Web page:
The universal language of sport

Four years after the end of the bitter civil war that devastated Sri Lanka, sport is proving to be a universal language for building peace between Tamil and Sinhalese communities.

Sport for peace training
Generations For Peace, the Jordan-based international peace-building organisation which has been working in Sri Lanka since 2007, boosted its programmes in the Northern and Eastern Provinces with a sport for peace training in Vavuniya, on 22 - 25 August. The training brought together 31 Tamil and Sinhalese volunteer youth leaders, divided by language and ethnicity, but sharing a passion for using sport to heal the scars of conflict between their communities.

To support the difficult post-conflict transition for youth in their communities, the training provided new skills to run carefully facilitated sport-based activities. These activities use sport’s universality, fun and energy to engage youth to work together over time to break down stereotypes, change mentalities and begin to build understanding between ethnicities.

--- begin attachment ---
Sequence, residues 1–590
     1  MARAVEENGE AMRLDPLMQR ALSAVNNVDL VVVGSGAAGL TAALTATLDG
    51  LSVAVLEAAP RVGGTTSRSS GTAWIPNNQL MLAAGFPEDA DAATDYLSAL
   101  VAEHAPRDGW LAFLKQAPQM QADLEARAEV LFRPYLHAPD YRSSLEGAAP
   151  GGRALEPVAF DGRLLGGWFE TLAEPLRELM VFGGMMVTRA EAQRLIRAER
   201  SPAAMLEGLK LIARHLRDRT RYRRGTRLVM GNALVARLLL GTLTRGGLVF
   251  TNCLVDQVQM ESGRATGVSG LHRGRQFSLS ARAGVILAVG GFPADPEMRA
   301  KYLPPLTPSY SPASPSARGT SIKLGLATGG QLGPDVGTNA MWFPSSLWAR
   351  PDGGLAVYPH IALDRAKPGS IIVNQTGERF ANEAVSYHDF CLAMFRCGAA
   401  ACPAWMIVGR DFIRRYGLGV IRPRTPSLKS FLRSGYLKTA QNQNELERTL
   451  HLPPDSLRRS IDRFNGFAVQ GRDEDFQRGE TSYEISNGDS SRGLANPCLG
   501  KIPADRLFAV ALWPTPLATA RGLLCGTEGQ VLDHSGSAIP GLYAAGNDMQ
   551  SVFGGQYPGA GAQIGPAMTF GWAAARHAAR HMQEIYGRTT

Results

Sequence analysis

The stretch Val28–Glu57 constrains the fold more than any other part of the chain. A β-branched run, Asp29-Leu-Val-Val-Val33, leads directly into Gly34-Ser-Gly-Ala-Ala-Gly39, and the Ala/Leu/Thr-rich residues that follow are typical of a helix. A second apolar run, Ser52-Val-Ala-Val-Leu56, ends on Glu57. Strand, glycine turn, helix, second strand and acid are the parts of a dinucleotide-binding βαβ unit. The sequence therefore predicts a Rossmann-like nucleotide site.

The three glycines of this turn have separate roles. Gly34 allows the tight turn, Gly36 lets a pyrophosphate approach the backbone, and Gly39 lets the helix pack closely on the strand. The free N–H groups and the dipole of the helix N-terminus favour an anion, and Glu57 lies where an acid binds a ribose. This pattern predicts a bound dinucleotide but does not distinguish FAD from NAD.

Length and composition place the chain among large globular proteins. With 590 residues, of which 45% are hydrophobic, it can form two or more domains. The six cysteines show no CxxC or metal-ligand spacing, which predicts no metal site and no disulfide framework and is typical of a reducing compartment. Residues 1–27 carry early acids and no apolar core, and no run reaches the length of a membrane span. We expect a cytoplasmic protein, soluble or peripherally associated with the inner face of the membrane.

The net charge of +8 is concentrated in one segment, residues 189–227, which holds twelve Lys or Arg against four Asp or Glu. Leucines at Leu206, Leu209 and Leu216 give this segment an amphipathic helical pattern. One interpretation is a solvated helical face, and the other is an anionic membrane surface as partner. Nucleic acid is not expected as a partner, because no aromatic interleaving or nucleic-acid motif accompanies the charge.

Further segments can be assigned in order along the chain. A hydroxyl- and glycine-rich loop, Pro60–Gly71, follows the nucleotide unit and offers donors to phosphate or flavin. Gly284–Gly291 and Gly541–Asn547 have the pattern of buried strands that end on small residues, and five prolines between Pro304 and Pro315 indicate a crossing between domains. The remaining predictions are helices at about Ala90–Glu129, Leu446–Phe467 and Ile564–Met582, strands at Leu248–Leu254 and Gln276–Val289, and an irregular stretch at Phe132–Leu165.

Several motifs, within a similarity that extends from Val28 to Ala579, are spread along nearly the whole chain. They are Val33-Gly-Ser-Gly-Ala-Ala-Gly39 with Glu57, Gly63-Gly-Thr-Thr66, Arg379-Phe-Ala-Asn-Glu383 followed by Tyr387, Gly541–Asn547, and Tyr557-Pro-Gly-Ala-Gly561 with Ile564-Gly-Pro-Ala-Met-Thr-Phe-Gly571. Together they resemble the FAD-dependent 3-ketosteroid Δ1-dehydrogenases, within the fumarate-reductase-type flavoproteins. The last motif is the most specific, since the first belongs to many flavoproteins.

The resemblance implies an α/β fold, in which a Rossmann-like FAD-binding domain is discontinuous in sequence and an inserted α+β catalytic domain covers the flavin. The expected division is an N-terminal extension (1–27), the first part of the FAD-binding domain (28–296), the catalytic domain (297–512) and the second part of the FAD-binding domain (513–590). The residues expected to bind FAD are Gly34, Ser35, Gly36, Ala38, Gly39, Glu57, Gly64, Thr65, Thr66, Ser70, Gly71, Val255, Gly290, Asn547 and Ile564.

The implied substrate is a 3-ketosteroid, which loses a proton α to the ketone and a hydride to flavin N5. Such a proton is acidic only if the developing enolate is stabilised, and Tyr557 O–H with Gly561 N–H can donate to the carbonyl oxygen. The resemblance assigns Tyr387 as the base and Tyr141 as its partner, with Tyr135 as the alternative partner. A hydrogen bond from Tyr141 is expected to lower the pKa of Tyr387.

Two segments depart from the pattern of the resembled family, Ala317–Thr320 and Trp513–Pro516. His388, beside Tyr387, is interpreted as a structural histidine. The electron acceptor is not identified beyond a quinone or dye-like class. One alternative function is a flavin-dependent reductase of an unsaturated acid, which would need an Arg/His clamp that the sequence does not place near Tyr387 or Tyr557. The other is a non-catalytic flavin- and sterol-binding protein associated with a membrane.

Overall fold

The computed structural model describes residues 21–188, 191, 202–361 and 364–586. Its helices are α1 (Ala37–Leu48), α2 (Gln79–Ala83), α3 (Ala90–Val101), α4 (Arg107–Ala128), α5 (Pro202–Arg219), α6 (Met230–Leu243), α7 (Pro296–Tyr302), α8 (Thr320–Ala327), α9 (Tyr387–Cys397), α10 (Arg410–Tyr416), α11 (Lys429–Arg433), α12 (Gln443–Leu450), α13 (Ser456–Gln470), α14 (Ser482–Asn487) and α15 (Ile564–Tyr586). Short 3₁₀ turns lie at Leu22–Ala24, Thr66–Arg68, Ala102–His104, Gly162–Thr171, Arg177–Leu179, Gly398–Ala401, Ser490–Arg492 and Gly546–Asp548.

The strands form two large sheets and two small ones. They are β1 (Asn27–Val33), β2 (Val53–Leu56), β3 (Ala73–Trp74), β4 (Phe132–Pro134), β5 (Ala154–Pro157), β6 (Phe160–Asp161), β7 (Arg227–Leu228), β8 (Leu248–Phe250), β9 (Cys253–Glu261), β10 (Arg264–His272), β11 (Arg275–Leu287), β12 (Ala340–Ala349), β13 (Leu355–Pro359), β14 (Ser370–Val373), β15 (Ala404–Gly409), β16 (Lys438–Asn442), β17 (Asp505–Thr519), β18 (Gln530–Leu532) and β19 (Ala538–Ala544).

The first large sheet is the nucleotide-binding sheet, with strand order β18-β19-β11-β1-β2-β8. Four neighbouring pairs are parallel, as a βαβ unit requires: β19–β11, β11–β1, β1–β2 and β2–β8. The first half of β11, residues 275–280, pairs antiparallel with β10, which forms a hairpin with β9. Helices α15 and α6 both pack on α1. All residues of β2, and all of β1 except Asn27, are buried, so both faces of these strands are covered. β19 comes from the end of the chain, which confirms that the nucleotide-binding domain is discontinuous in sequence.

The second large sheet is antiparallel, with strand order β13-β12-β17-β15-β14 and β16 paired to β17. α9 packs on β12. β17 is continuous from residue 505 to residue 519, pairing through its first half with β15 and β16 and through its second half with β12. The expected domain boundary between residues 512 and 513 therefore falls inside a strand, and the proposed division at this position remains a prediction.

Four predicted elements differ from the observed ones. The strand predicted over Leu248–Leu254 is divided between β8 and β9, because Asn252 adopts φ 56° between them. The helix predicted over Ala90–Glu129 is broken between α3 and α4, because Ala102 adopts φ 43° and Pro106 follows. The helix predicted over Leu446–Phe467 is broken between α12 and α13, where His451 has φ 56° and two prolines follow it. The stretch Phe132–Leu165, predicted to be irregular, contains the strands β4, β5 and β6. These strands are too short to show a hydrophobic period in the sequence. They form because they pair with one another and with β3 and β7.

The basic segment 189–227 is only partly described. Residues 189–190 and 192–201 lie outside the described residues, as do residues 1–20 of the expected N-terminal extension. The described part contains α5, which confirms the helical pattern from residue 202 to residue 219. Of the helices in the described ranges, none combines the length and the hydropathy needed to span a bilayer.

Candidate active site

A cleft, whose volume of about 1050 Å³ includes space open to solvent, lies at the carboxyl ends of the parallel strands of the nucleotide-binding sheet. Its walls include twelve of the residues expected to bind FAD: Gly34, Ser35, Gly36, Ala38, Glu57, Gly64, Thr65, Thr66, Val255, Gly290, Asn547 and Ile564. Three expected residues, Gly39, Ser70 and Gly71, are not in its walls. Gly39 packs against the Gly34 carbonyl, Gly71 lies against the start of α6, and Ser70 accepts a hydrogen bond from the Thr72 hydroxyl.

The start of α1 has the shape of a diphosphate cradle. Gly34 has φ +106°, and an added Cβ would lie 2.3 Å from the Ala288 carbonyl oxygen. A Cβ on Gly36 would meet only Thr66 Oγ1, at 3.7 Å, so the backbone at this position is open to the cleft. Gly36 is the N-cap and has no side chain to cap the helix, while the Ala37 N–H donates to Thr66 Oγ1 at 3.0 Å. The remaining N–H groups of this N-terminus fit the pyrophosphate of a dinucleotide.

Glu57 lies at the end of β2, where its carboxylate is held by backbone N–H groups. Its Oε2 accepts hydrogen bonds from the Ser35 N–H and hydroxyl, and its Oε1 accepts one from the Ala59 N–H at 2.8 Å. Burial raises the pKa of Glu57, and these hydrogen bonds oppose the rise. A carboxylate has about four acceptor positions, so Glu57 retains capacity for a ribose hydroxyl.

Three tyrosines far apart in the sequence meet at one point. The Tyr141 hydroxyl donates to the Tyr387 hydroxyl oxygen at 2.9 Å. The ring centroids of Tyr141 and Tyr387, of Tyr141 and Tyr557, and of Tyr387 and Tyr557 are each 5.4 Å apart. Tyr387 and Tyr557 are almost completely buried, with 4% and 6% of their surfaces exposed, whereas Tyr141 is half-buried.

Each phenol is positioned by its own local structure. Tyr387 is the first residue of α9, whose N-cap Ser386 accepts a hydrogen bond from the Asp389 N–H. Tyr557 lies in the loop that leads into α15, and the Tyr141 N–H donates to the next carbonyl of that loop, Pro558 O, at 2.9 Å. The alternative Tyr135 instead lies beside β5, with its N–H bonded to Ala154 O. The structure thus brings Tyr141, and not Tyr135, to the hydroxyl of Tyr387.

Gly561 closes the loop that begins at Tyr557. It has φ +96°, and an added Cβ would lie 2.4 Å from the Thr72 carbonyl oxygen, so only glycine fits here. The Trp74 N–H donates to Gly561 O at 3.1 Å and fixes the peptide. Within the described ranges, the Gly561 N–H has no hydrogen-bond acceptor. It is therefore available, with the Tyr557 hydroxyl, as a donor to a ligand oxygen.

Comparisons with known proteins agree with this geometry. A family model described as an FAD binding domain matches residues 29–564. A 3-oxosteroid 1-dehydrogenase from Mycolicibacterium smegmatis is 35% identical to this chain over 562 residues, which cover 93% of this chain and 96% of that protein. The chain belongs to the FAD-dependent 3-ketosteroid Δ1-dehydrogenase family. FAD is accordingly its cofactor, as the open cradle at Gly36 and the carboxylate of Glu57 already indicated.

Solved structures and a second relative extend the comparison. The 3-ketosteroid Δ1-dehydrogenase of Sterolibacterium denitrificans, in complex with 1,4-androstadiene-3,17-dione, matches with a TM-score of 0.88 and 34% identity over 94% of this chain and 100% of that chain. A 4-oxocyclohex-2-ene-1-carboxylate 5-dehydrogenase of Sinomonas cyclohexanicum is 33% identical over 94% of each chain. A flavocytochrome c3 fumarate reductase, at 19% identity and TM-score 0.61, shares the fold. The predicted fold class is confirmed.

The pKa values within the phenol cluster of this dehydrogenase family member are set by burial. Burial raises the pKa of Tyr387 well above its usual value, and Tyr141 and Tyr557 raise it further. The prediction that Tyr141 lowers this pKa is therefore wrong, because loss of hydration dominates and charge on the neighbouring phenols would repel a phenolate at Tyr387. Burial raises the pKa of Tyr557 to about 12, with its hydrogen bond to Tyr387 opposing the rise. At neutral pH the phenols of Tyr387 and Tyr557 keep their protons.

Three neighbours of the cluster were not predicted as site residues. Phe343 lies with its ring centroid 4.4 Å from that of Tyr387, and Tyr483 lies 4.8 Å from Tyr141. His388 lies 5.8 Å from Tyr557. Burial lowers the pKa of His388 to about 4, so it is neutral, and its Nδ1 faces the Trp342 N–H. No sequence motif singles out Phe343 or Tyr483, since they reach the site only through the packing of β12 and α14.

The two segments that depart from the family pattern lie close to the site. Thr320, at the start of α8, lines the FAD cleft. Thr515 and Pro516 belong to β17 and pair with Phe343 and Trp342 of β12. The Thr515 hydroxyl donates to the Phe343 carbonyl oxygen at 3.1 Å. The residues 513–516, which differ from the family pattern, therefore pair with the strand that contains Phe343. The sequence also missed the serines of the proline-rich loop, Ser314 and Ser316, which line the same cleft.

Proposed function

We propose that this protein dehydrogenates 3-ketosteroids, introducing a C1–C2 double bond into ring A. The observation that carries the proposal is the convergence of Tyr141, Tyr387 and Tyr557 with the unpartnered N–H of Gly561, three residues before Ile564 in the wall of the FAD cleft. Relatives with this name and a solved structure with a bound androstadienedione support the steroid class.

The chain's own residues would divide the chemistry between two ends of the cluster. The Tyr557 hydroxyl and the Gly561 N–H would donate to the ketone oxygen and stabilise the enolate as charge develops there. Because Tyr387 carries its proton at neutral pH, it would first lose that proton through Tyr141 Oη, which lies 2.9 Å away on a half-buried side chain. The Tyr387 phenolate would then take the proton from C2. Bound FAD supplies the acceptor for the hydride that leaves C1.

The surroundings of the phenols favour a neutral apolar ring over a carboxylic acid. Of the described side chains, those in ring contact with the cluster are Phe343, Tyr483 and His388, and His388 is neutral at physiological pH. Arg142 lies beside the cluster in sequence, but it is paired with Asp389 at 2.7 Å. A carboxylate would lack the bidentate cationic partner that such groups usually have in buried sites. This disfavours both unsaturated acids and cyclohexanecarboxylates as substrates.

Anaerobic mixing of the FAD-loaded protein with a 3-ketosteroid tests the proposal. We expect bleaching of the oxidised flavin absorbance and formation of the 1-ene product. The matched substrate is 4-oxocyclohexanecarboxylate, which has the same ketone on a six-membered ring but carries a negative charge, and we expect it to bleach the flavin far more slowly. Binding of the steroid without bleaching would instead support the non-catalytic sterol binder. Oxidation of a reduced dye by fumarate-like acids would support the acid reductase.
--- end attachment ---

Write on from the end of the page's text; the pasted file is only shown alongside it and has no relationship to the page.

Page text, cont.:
Quotes from participants
Gardi Geethanie, one of the volunteers from Eastern Province participating in the training, explained: “I am a believer in building relationships and bridges with everyone in spite of the differences and difficulties we have been through. This training will certainly help me do more in my community because I live in a multi-religious and multi-ethnic community. I know that the skills I have learnt will be very useful and that I can do something to make a real change.”

Dinesha Suppiah, Programmes Officer at the Generations For Peace headquarters in Amman, also from Sri Lanka, commented: “This training and research visit gives these amazing volunteers skills and confidence to lead change. It was a chance to meet and work together, which they are doing without barriers, and they will now continue to work together on programmes in their own communities in October. The powerful sport-based techniques they have learnt will help them to promote tolerance and trust, and to bridge these conflict divides.”

[This article has been edited by the Operating Team.]
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